“Man, like the other animals, is originally simply the puppet of instinct, just as the infant is. Unless he is moved by instinct, he remains passive, even asleep. When instinct is aroused he reacts precipitately, with a characteristic all-or-none type of reaction. He is aware, it is true, of what he does and of what happens around him. But he has no self-awareness: psychic images flit past in his consciousness, leaving little or no trace, no residue as it were, much as a moving picture flits over the screen. As long as the picture is being thrown upon the screen, it dominates the space; when the light goes out the picture disappears from the screen and leaves no trace upon it. Such is man’s consciousness before the ego develops.” ~M. Esther Harding, Psychic Energy, p. 209.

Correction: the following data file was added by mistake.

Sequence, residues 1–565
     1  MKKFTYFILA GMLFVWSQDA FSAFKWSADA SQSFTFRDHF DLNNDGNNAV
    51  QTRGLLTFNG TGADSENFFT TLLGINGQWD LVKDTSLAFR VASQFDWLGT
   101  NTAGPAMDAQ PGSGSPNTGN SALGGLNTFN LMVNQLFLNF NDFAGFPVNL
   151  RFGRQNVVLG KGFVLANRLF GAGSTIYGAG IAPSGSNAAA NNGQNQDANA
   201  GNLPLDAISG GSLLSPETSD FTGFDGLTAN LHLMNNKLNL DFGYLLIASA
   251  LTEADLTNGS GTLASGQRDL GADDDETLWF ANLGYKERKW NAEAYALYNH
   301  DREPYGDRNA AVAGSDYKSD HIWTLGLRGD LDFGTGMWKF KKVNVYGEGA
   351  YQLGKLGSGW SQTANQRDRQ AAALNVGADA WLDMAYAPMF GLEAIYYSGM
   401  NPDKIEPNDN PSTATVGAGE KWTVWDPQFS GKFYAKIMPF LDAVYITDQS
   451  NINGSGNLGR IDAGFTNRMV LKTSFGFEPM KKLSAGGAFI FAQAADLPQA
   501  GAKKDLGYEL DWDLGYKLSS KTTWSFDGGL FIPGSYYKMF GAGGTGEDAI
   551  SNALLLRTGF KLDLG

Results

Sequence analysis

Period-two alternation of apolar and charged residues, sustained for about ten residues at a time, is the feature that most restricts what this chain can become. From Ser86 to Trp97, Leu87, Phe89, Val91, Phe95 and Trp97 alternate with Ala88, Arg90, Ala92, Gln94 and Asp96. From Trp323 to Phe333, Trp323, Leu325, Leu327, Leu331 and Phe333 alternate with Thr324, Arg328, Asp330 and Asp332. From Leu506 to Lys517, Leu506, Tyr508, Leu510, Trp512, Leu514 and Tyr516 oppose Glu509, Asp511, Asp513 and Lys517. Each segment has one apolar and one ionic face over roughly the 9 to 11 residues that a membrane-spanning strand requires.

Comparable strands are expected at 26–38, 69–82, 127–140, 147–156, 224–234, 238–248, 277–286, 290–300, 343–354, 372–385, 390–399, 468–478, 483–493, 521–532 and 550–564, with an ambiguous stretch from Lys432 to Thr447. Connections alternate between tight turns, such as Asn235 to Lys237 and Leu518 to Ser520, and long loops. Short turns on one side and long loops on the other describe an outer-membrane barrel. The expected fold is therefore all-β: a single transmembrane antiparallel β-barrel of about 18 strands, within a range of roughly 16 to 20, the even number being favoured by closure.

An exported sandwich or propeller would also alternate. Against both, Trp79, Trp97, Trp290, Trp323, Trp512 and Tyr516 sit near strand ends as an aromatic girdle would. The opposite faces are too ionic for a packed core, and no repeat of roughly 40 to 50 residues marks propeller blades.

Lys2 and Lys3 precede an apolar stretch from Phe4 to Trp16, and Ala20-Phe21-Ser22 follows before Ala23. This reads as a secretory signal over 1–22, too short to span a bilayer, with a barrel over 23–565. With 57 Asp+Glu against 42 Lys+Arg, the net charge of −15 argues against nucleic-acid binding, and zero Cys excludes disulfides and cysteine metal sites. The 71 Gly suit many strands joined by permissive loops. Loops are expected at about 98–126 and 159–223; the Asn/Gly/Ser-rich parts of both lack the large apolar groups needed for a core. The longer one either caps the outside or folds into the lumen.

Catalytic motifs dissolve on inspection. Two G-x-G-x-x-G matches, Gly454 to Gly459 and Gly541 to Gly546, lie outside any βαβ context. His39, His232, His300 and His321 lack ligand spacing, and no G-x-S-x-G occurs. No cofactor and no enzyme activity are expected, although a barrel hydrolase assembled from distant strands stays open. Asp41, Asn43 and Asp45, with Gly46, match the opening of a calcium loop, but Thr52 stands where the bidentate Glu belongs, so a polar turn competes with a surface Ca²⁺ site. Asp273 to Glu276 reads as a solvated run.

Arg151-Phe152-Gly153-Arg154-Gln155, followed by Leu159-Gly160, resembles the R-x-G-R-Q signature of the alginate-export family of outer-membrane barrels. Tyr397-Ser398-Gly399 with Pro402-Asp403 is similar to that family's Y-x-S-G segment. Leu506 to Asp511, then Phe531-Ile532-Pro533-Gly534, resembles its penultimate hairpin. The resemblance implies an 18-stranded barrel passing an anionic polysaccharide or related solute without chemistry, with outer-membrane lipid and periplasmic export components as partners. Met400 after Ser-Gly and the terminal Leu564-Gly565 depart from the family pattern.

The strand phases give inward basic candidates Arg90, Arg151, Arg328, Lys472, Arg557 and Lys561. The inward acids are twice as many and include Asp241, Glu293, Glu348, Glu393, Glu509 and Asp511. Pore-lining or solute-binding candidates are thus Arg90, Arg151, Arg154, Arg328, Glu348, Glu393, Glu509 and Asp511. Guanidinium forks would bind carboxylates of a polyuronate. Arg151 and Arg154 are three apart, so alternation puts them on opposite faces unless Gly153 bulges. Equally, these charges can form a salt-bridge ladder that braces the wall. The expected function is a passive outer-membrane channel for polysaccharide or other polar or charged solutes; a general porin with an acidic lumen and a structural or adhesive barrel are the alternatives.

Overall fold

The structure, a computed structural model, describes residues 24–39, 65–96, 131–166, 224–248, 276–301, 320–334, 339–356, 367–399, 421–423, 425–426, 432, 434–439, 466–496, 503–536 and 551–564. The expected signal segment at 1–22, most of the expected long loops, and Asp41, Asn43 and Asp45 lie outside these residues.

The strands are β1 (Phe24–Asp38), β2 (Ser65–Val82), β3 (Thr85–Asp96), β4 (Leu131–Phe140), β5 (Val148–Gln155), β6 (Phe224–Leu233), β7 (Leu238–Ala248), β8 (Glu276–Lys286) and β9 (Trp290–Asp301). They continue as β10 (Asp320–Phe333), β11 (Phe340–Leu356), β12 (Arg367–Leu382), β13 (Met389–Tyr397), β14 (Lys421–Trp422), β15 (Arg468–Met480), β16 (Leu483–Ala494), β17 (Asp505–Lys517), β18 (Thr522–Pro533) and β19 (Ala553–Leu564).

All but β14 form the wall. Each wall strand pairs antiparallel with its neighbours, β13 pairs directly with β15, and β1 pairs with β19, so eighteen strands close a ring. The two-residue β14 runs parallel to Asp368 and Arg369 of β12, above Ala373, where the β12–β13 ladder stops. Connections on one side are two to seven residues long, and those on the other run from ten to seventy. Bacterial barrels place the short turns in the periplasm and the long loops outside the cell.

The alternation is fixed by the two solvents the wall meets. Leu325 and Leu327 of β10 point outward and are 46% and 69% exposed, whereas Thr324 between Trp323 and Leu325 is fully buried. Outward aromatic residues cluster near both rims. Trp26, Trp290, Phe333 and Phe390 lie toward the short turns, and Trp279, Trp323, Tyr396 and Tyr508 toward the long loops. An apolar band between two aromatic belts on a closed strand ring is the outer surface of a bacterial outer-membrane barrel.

Dr. M. Esther Harding was one of Dr. Jung’s most accomplished and articulate followers. Trained at the London School of Medicine for Women and the University of London, she worked with him before beginning her analytical practice in 1923 New York. Her classic book, Psychic Energy: Its Source and Its Transformation, is still an influential source for students of Jungian Psychology. Written during, and inspired by World War II, its purpose was to explore “what savage impulses, what ruthless monsters of the deep” lie beneath the cultured mask of consciousness, awaiting “a chance to seize the mastery and despoil the world!” ~Harding, p. ix.
As she explained,
“Until the first appearance of the works of Dr. C.G. Jung, the unconscious was regarded as merely the repository of forgotten or repressed experiences. In this there could be no answer to the problem of a world in the grip of a barbaric regression. But Dr. Jung discovered and opened to all explorers another aspect of the unconscious….and found there the sources of psychological life that produce not only atavistic [ancestral] forms but also the potentialities for new development.” (p. ix,x).